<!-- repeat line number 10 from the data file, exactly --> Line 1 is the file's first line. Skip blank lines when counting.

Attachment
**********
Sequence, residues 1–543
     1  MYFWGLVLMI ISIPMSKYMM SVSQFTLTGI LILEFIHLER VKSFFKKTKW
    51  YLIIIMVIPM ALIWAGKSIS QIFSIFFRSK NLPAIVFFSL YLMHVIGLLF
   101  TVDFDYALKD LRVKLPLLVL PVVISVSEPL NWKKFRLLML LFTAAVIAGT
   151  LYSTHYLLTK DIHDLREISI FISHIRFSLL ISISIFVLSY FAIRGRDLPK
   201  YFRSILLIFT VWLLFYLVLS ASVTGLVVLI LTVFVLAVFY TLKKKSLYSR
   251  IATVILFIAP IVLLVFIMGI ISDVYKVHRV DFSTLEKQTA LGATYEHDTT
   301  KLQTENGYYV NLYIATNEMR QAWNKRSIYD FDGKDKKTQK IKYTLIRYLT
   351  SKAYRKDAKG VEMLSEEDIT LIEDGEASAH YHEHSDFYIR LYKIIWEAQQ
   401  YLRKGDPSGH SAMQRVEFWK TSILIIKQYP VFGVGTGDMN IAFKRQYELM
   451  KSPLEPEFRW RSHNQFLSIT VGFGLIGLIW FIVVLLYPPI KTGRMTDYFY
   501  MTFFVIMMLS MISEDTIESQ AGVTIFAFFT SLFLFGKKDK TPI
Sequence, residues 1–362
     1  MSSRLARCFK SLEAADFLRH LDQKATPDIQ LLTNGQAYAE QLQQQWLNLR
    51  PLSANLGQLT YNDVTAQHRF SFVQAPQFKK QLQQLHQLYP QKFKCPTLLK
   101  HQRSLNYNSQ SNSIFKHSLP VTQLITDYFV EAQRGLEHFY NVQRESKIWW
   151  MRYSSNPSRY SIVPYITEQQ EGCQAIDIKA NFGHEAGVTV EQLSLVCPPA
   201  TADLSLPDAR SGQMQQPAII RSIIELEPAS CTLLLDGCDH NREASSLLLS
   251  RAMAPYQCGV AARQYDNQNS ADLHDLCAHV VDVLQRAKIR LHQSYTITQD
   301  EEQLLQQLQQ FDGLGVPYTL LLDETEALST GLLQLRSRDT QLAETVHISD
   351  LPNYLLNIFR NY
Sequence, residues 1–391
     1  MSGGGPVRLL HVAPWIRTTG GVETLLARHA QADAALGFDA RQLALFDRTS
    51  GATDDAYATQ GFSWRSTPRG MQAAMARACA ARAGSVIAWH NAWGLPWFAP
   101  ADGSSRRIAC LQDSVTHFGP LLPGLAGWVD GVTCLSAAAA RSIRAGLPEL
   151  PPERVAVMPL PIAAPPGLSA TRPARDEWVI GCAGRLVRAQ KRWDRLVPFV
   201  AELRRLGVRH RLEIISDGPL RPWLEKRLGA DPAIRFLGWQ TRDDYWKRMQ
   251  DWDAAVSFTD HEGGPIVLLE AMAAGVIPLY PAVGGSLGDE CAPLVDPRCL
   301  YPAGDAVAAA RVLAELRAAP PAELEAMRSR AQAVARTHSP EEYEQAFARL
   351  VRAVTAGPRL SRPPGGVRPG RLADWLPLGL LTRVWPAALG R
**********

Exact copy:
   401  YLRKGDPSGH SAMQRVEFWK TSILIIKQYP VFGVGTGDMN IAFKRQYELM